(Photo courtesy Huntsville/Lake of Bays Fire Department)
Cottage country residents are being reminded of the dangers of carbon monoxide.
All through this week, it’s Carbon Monoxide Awareness Week in Ontario, and the Muskoka Fire Prevention Officers are reminding you to have all fuel-burning appliances inspected on a yearly basis – in order to prevent the poisonous gas from occurring in the home.
“In Ontario, more than 80% of injuries and deaths from CO occur in the home,” Huntsville/Lake of Bays Fire Chief Rob Collins said. “We want to make sure everyone is safe from CO. Get all fuel-burning appliances inspected by a registered contractor.”
The Muskoka Fire Prevention Officers say you should have a carbon monoxide detector in your home if you have a fuel-burning appliance, a fireplace or an attached garage.
Additionally – with daylight savings now in the rearview, it is also a good idea to change the batteries in your smoke and carbon monoxide alarms.
Chief Collins carbon monoxide alarms should be next to each sleeping area of the home.
“For added protection, install a carbon monoxide alarm on every storey of the home according to manufacturer’s instructions,” he said.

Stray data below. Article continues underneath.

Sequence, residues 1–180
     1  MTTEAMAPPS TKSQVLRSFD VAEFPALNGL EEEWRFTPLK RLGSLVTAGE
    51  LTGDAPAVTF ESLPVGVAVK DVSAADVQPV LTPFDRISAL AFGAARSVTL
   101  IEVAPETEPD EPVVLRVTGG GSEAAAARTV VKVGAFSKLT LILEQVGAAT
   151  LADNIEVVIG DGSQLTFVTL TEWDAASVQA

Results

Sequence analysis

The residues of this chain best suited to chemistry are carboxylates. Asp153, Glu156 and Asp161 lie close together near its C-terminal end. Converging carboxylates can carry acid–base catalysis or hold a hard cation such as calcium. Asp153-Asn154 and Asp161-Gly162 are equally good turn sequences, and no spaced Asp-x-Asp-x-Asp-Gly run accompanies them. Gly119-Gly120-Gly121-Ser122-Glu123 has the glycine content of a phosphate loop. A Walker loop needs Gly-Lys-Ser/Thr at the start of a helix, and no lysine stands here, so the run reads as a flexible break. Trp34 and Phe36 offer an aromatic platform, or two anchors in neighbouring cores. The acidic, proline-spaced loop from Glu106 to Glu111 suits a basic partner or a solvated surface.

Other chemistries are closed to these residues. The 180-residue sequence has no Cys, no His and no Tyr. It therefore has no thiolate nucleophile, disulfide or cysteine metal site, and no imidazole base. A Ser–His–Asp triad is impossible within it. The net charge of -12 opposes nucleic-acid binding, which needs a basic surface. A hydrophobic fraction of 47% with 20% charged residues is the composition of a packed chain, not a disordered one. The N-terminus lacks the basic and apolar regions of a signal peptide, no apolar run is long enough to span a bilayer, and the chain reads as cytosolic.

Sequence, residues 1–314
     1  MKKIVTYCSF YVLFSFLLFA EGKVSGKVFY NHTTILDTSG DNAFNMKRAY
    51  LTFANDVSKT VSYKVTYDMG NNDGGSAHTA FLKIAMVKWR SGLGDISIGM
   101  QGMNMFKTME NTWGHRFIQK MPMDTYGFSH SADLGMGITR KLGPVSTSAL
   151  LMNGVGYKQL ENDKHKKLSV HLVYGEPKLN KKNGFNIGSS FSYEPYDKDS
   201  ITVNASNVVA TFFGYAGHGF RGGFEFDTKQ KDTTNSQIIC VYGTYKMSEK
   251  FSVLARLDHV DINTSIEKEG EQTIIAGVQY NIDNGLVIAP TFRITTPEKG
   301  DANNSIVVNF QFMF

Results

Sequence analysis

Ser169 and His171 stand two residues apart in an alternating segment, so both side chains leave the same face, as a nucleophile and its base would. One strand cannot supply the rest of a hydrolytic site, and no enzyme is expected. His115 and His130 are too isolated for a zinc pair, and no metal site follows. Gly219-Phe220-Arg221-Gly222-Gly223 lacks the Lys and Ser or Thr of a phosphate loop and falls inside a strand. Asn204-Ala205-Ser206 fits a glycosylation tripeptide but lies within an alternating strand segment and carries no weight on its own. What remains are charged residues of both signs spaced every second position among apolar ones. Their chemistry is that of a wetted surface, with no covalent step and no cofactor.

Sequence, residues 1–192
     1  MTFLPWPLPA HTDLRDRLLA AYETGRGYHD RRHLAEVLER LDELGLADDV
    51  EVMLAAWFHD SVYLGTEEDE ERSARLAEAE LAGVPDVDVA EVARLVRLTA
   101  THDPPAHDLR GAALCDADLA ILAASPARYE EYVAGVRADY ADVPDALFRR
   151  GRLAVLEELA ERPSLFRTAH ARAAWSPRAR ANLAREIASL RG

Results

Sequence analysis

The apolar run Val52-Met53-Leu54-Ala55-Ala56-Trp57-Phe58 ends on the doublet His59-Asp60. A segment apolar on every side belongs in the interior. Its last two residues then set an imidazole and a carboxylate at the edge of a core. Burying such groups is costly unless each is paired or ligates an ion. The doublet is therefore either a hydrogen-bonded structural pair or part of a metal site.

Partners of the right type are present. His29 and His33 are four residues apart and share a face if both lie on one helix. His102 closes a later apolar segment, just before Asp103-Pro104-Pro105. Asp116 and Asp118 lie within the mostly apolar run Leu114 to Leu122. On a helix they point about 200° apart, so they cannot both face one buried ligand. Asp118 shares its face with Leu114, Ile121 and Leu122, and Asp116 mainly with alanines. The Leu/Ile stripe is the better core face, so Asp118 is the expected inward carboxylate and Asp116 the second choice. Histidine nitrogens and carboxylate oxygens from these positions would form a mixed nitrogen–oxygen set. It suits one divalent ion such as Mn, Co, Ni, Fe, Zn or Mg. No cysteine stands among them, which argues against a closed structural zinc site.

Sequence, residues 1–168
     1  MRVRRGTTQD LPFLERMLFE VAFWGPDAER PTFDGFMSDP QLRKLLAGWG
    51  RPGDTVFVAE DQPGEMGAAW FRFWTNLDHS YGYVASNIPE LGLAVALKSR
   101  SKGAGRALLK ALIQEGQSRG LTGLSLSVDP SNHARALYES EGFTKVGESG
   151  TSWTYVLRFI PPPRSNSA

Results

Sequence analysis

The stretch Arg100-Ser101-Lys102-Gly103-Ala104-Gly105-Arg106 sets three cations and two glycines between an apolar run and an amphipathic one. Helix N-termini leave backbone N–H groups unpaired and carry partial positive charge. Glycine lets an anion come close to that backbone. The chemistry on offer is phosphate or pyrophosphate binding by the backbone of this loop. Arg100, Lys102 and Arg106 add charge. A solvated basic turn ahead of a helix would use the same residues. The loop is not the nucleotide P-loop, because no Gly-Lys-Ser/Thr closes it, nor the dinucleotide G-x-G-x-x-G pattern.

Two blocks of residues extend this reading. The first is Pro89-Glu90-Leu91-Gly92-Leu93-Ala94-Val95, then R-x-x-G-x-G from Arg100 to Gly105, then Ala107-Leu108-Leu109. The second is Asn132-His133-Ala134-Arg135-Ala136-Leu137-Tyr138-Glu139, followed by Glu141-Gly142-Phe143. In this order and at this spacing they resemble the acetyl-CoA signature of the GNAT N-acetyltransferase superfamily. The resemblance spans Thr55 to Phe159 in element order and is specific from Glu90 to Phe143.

If you live in a condo or apartment building with a service room, alarms must be installed in the service room and next to each sleeping area of all homes above, below and beside the service room.
In condo or apartment buildings that have a garage, alarms should be installed next to each sleeping area of all homes above, below and beside the garage.
Exposure to carbon monoxide can cause flu-like symptoms such as headaches, nausea, dizziness, as well as confusion, drowsiness, loss of consciousness and death.
If your alarm sounds and you or others suffer from symptoms of carbon monoxide poisoning, get everyone out of the home immediately and call 9-1-1.
A carbon monoxide alarm sounds different than your smoke alarms – so you should test both alarms monthly and make sure everyone in your home knows the difference between the two sounds.
Head here for more carbon monoxide safety tips.